For anyone who runs a marathon, crossing the finish line after completing 26.2 miles is undoubtedly an unforgettable feeling. At that moment, months of hard work and preparation come to a culmination. For blind runner Richard Hunter, this feeling of accomplishment is no different.
Hunter was diagnosed with Retinitis Pigmentosa, a hereditary eye condition which causes gradual deterioration of the retina, in 1989. At the time of his diagnosis, Hunter was working in the United States Marine Corps as a Second Lieutenant. Devastated from receiving a medical discharge that would take him from his dream job, Hunter took up work as a school psychologist until he was considered legally blind in 2005-06. Despite his condition, Hunter's story is not one of misfortune. Instead, it is one of unbelievable perseverance and commitment to overcoming adversity.
"I needed a tangible goal to focus on and show to my daughters that you can still set ambitious goals and be relevant in the face of adversity," said Hunter. "So I set my sights on trying to qualify for the Boston Marathon as an age grouper, which is not real easy to do..."
Running his first Boston Marathon in 2008, Hunter achieved his goal and found something that he was truly passionate about.
However, adversity struck Hunter again on July 5, 2013. While Hunter was two hours into a bike ride to train for his second Ironman Triathlon, he and his guide were hit by a car. Nearly a head-on collision, Hunter was taken to the hospital by flight. From the accident Hunter sustained two facial fractures, a concussion and a broken neck. Released after just one day, Hunter would remain in a neck brace for three months. Finishing another marathon just five months and three days after the accident, Hunter proved himself once again.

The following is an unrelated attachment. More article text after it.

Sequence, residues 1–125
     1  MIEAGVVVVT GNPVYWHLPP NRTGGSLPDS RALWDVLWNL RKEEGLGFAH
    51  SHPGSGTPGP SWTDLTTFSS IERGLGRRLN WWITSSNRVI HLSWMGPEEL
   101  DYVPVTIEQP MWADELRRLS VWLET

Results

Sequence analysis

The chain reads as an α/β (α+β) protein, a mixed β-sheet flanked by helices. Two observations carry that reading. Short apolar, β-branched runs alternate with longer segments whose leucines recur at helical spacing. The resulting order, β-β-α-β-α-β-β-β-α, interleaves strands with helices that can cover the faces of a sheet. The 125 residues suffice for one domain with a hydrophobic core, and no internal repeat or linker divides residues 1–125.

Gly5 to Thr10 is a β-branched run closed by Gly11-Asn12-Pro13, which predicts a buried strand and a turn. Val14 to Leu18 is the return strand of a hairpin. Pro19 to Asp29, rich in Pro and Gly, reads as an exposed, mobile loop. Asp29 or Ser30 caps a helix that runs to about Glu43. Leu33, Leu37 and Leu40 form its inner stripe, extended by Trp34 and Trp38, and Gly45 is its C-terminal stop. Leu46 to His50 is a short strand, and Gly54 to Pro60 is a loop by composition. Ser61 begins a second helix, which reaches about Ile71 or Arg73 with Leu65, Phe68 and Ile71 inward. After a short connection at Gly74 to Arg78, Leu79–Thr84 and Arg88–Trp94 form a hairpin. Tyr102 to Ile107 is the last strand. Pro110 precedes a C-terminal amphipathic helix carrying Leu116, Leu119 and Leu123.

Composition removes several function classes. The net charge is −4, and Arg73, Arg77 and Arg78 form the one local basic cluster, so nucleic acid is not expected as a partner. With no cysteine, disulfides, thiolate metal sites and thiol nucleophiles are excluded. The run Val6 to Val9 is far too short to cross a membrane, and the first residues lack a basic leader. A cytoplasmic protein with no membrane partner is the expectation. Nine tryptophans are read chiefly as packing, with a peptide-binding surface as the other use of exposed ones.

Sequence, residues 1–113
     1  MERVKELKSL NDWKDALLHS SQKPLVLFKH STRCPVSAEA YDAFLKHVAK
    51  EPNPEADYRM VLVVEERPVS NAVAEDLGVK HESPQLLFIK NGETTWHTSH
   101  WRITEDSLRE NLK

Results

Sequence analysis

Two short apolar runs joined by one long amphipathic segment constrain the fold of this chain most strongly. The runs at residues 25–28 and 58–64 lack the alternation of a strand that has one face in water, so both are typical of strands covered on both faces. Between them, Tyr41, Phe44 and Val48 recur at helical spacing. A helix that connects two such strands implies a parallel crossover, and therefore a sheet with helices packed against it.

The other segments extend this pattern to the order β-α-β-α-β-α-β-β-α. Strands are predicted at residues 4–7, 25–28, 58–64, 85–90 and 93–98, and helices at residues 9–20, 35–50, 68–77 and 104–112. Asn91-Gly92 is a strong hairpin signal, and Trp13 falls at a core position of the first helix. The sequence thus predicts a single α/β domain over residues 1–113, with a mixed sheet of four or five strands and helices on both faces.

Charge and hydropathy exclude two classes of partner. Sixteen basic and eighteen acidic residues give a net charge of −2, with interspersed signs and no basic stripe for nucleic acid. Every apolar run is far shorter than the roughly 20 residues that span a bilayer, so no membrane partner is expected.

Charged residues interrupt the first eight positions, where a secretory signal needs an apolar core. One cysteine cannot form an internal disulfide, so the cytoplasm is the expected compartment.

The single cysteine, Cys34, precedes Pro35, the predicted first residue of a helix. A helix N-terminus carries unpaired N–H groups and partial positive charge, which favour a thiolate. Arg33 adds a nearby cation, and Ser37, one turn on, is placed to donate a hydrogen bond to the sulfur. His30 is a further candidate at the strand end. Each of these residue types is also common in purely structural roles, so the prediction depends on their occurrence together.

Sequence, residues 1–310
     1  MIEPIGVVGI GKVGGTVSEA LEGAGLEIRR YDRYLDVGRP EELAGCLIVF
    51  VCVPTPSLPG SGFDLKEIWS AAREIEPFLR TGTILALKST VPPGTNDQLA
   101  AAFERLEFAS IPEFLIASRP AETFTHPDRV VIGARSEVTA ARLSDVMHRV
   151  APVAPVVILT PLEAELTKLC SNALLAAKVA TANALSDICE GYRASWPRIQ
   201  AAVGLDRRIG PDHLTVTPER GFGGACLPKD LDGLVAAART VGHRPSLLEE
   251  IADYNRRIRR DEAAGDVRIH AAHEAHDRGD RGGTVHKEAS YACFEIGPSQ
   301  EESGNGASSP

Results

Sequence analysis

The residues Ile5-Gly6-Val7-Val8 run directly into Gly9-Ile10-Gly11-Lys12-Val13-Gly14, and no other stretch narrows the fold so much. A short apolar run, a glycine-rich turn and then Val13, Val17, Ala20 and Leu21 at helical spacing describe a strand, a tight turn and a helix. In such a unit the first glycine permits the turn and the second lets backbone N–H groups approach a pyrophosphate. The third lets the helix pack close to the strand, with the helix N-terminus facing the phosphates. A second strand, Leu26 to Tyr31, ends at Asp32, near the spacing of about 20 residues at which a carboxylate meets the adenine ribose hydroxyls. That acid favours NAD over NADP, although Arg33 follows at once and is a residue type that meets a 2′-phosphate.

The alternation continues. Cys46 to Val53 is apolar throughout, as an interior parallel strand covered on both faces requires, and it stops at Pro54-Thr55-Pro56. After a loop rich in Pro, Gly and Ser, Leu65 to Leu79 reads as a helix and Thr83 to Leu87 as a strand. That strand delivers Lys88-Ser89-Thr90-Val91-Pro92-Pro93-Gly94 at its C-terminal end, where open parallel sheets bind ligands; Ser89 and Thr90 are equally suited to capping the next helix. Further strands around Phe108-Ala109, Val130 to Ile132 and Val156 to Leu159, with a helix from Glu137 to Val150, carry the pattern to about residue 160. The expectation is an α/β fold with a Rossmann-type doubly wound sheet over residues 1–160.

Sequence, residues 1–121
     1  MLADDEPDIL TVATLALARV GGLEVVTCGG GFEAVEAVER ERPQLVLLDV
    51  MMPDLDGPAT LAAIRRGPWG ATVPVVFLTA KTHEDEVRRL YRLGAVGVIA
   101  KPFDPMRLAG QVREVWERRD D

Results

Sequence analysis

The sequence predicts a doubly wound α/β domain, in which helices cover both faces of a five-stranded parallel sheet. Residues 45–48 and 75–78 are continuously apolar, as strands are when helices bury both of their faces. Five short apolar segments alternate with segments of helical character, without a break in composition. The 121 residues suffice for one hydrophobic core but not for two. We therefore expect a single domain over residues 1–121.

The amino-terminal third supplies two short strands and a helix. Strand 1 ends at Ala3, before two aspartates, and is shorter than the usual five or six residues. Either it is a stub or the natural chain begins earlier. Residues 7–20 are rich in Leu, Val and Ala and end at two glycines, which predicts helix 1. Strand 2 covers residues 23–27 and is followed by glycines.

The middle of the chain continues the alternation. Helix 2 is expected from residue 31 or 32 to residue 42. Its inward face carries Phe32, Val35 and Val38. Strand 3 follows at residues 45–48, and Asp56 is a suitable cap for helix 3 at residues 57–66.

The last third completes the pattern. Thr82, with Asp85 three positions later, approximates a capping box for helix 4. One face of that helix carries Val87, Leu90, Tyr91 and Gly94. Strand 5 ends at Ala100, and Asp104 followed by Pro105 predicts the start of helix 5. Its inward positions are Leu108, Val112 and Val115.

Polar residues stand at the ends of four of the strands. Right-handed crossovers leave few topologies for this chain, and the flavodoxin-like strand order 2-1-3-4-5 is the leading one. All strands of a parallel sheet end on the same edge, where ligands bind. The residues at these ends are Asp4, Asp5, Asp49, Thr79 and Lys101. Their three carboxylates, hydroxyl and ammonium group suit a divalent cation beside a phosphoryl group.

"That whole experience…has made my family more hypersensitive about my safety and not being able to see," explained Hunter. "At the time I had a little bit more vision than I do now and I was still out in my neighborhood, when I had to do short runs, running by myself."
Concerned for Hunter's safety, his middle daughter suggested that he get a guide dog. Introduced to Klinger, the first certified running guide dog in the United States, Hunter started a new chapter in his journey. Armed with a new companion and guide for training, Hunter continues to defy the odds.
Hunter will add one more marathon to his list this weekend. Running in the Buffalo Marathon's first ever visually impaired division, he will be guided by Buffalo Bills strength and conditioning assistant Dan Liburd.
"Buffalo has a fantastic running community and an outstanding triathlon community so those are two areas that I've had the pleasure of really being a part of the last four years," said Liburd. "I've had the opportunity to meet an individual named Greg Webber, he's the race director for the Buffalo Marathon."
Presented by Webber with an unique opportunity to help guide Hunter through half of the Buffalo Marathon on Sunday, May 29, Liburd graciously accepted.
"I think it's great," said Liburd. "I mean, you know, talk about something as exhilarating as running through the community of Buffalo. People cheering, people really supporting you on this really difficult, challenging task and relegating that to people…I think it should be something that many people should be able to experience and this program gives the opportunity for a lot of people to share that experience. There's this part during the Harbor, where people are coming in and you've got a good amount of individuals from Buffalo cheering you on, you know to finish off, that's a really, really powerful feeling. I think it's cool that this program allows people to also experience that."
Thrilled for his role this Memorial Day weekend, Liburd urges others who may be interested to get involved.
"I know the running community here, there's a lot of really strong runners and if there's some people that want to come out and help, it's a great opportunity to give back, said Liburd."
For Hunter, the marathon signifies an opportunity to increase awareness for blind athletes.
"I'm one of the key networkers in the United States that engages blind people in endurance sports and I, you know, help plug volunteers into guiding blind athletes across North America," said Hunter. "So for me to go out to New York and support a race that is adding a visually impaired division is a big deal."
For additional information on the Buffalo Marathon, please visit here.